The jar is rightly empty for SPC Ardmona

In rejecting Coca-Cola's plea for a $25 million handout to restructure SPC Ardmona, the Abbott Government has hopefully put an end to corporations holding out the begging bowl.

The Abbott Government’s rejection of the SPC Ardmona plea for $25 million of taxpayer funds, coming after its pre-Christmas decision not to give more subsidies to General Motors, sends a pretty clear message to struggling manufacturers across the economy. They are own their own.

Frankly, it’s the right message.

The pragmatic decision, indeed the easier decision, might have been to cave in to the demands given the political sensitivities of rural enterprises and jobs.

The SPC call on the federal government (it was looking for similar assistance from the state government) was for an amount that wouldn’t even be a rounding error in the federal budget, so it isn’t the dollars involved.

The principle, however, was – as it was in the GMH decision – a significant one.  In an open market economy private enterprises have to determine their own fates and, for the economy to continue to evolve and capital to be deployed in the nation’s best economic interests, that means some will fail.

There are a lot of struggling enterprises, particularly in manufacturing, as a result of the prolonged period of strength in the Australian dollar and the structural changes that have been occurring – and which have always been occurring – within an economy which has become high-cost, less productive and less competitive after two decades of unbroken prosperity.

Extending taxpayer-funded hand-outs to one enterprise would inevitably see a queue of corporate beggars forming, seeking to avoid the difficult decisions they might otherwise have to confront. Taxpayer-funded welfare for uncompetitive enterprises or industries doesn’t resolve their lack of competitiveness, but simply delays the consequences of it.

Government’s role is to do what it can to create an opportunity for well-managed businesses with some form of competitive advantage, or at least without fundamental competitive disadvantage, to be viable by managing the economy well and efficiently, reducing (to the extent that it can) the imposts of government on business and providing the public infrastructure for a modern economy.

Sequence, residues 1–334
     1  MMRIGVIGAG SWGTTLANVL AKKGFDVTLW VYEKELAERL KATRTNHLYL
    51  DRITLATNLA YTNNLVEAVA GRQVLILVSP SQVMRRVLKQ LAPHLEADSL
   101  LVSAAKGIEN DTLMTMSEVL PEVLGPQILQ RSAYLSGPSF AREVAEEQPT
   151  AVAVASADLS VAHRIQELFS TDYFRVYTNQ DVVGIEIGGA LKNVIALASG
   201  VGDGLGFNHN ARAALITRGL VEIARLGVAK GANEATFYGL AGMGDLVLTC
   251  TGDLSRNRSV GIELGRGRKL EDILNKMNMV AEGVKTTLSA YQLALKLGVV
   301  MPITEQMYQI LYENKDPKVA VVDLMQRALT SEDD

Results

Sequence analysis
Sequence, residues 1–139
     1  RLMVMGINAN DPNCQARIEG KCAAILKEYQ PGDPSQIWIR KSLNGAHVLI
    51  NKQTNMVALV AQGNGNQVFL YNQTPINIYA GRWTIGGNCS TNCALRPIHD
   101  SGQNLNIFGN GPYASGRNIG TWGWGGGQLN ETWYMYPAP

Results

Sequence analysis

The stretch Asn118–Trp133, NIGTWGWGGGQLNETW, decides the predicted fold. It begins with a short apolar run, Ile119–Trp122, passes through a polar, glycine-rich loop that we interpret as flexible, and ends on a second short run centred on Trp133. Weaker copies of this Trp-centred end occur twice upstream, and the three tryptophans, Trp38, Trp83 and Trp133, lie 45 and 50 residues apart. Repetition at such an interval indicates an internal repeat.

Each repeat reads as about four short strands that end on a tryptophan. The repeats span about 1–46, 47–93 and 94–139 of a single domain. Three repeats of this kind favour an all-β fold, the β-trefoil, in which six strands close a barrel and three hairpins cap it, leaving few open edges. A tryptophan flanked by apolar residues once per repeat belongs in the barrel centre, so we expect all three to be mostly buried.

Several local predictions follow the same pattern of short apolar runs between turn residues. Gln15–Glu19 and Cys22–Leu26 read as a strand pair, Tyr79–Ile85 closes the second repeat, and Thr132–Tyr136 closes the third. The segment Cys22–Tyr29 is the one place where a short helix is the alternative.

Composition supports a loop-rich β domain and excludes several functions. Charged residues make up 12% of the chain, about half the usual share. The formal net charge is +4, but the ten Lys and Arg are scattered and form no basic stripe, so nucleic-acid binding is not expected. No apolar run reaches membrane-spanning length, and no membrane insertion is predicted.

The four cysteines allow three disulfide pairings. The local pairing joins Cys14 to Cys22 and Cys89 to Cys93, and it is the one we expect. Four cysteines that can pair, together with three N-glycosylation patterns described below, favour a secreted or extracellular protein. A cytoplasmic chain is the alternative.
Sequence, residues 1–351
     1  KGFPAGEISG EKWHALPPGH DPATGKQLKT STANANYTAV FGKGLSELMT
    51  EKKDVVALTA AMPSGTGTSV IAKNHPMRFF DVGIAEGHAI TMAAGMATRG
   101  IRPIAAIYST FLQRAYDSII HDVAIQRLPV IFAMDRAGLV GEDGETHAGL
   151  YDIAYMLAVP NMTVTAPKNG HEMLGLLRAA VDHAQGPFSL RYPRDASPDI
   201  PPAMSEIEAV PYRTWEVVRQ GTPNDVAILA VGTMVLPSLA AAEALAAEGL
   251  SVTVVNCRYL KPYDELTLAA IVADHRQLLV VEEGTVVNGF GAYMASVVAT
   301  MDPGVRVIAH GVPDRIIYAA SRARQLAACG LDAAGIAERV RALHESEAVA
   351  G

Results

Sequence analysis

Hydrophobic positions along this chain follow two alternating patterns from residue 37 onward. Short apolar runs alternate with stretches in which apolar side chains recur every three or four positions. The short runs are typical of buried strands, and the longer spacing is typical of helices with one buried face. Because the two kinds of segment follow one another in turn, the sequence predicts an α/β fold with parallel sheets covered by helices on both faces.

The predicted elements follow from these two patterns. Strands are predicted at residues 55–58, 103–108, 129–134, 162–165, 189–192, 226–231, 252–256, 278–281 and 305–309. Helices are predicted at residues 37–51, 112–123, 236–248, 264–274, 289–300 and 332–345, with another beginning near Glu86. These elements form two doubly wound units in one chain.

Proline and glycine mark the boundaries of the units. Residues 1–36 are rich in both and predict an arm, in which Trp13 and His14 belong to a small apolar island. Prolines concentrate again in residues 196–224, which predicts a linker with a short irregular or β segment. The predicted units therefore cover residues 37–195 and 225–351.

The Abbott Government will itself have to make some very difficult and tough decisions if it is to contribute improving the competitiveness of the economy and the viability of well-managed businesses within it.

While there was some division in Cabinet over the question of assistance to SPC, and the government’s own expert panel is said to have recommended that it provide it, the fact that it is owned by the very large, very profitable and very sophisticated Coca-Cola Amatil clearly was a factor in the decision.

While CCA had said it was prepared to invest $90 million in SPC if the governments provided a further $50 million the kind of ‘’co-investment’’ model which it was seeking – and which has been a major feature of the recent history of the local motor vehicle industry – simply means taxpayers were being asked to subsidise an uncompetitive businesses.

Another way of looking at that would be to say taxpayers were being asked to subsidise CCA shareholders’ returns on capital from a business that wouldn’t otherwise meet its hurdles for additional investment.

CCA, SPC and the other stakeholders in that business will now have to consider whether there are ways they can contribute to a restructuring of SPC that enables it to generate acceptable returns, or whether it has become too uncompetitive to save.

Tony Abbott described the decision as ‘’an important marker’’ in sending a message to businesses that they were responsible for their own restructuring and survival. It was marker that needed to be set down to reinforce the non-decision on GMH – that there aren’t going to be any more corporate hand-outs from the government that Abbott leads.

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